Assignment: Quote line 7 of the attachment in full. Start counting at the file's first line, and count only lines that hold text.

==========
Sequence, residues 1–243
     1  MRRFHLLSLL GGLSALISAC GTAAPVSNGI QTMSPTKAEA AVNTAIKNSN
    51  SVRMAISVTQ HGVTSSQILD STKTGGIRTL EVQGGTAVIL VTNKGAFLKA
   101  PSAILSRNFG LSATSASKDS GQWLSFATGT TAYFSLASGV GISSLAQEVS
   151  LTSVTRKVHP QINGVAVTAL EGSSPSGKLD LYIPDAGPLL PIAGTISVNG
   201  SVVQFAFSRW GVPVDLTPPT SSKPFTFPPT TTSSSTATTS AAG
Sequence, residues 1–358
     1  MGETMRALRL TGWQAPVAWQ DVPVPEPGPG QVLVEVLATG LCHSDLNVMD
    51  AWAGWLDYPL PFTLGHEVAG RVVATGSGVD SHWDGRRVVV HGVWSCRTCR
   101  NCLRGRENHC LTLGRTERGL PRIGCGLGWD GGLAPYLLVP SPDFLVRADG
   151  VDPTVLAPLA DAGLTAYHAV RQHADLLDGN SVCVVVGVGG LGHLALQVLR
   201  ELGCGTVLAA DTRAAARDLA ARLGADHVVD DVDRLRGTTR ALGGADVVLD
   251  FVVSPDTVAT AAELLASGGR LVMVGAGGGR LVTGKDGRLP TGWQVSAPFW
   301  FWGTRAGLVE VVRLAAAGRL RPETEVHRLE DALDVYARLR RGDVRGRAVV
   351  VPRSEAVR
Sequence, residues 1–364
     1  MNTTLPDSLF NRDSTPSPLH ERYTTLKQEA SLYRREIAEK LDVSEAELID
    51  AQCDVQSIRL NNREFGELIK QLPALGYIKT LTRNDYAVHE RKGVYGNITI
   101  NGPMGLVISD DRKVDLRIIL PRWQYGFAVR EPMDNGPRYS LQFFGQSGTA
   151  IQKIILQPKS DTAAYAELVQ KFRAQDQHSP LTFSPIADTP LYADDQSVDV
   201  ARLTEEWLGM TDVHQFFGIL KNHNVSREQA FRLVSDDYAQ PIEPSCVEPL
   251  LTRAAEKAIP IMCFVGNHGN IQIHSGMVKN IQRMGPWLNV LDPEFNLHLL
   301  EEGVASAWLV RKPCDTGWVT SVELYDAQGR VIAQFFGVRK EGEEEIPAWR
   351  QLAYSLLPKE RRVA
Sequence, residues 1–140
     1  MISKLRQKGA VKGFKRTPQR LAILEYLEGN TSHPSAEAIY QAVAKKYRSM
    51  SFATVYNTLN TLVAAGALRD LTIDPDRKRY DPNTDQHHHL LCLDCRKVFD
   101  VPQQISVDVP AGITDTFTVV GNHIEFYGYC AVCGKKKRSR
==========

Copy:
Sequence, residues 1–358